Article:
The two-part One Planet: Animals & Us programme is half way through. In the style of "half-time analysis" at a sports event, Professor Gary Francione, Elizabeth Collins of the NZ Vegan Podcast, and I, talked about the first show which was focused on factory farming (the next one is about vivisection).
The podcast can be heard by following THIS link.
Gary, Elizabeth and I talk about all the points raised in the following critical review of the first programme.
I was impressed in that it covered quite well a great deal of themes in such a short time. It included the state of industrialised farming today, which is still horrific, and the globilisation/spread of animal farming and meat consumption over the wider world, its increased intensification and “meatification” of the world’s food system, to a point that may not be sustainable for people and the planet; a visit to the Mind Lab, a neurological institute, to investigate, via an approach-withdrawal response experiment, if eating meat is part of our human makeup and root cause of why we want to eat meat; it is alleged how from children on we generally don’t make the connection between eating meat, and the psychologist, Melanie Joy’s notion of “an invisible dominant ideology” (called “carnism”) that shapes our perception of meat and the animals we eat, that enables us to eat some animals as meat and love other animals as pets; our use of routine language we use and euphemisms regarding animals which, its alleged, dissociate us from the animal origin of our food.
The program featured Gary Francione, Wayne Pacelle of the HSUS and the prominent Austrian animal activist, Martin Balluch in an interesting discussion on the animal movement’s working strategies and to what extent the animal movement groups have actually made any real changes for animals with respect to meaningful humane treatment, or abolishing animal use or even to significantly reduce the number of animals used. (I noted that the radio host called the HSUS an “animal rights organisation” and talked of “the animal rights movement”, whereas Francione said “the animal movement.”)
There was discussion on promoting a non-animal based diet, how our dietary guidelines come about, and the lack of published peer-reviewed scientific literature on vegetarian and all-plant/vegan diets to replace meat in a general population context in spite of continents with populations doing well on at least vegetarian diets, and mention of an American Dietetic Society report that reviewed the medical literature regarding nutrition and which concluded vegetarian and vegan diets as healthy for all stages of human life. Then a pessimist (or realist) view of the difficulty in getting people to think about food and change from meat to non-animal.
There was the Holocaust analogy used to compare what was done to the Jews in Nazi Germany, which, Joan Dunayer (also a Jew) said pales in comparison to what is done routinely and continually to factory farmed animals in numbers and in atrocities. Also, Holocaust scholar, Prof Dominick LaCapra, discusses the usefulness of the Holocaust analogy because of there are similar structures )”the open secret” and the very active process of turning oneself off in spite of knowing what is going on).
I found the programme generally a reinforcement of the no animal use beliefs, which was fine and interesting in itself. Not sure if there were any new insights for me as to why the majority continue to eat meat: I still think it’s because we are physiologically omnivores and we’ve got to where we are as a successful and unique species in large part because of meat eating. All species seem to exploit other species. I found the Mind Lab experiment most attention-grabbing for me, though not completely convinced of the interpretation of data based on using just those 3 people, but I’m open to learning more on the experiments and subject. The idea that vegan diets must be artificially supplemented but meat-based diets not, but also the phenomena of people who turn vegetarian and/or vegan but return to meat eating, and people who make serious efforts of vegan diets but find them not fulfilling and strength-sapping as compared to meat-based diets, yet how others are just fine on long-term vegan diets - I find interesting.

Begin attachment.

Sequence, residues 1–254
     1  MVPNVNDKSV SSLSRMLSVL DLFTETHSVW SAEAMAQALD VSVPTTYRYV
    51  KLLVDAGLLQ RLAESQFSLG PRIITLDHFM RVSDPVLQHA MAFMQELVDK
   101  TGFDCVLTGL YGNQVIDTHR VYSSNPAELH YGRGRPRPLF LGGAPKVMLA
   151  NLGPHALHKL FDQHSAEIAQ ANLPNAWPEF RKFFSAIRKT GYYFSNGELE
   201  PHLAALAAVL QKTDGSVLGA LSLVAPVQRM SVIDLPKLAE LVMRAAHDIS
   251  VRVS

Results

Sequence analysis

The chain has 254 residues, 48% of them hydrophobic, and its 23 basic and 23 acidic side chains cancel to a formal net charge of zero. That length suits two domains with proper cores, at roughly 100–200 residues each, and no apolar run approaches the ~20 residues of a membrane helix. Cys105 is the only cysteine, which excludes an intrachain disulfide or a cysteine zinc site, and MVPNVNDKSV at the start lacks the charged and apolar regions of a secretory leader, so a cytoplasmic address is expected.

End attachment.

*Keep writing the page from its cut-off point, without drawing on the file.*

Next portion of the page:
The program did focus solely on factory farming, the industrialised over-intensive use and exploitation of animals as food, which is the most dominant form of animal-based food production and which I do believe is the least humane of all forms of animal ag. I guess that is relevant to the question of why, given the intensive conditions of most animals produced (particularly chickens and pigs, who sometimes never see the light of day) which are really less than humane, why do people still eat not so much meat per se, but meat that is produced in this fashion. I think the taste and nourishment of meat and the fact that it is there (the animal is now dead and the flesh on the shelf, and people don’t feel directly responsible for how the animal was treated) and that it is cheap trumps. Still, issues of what keeps meat so cheap were not discussed. Also, other forms of animal farming, ranching and other meat procurement means were not mentioned in the program as more humane that could play a more dominant role in a meat-based food system (with industrialised meat as less dominant and, as such, could then be made more humane) and as a better strategy for change than asking people to completely stop eating meat.
One must respect, though, that the presentation is a personal perspective and very much from the no animal use standpoint. Indeed, from the beginning the listener is forewarned that “this is not balanced, dispassionate journalism.” The radio host makes it clear from the start that he is opposed to animal suffering for human needs and pleasures, and most of the people featured were as well.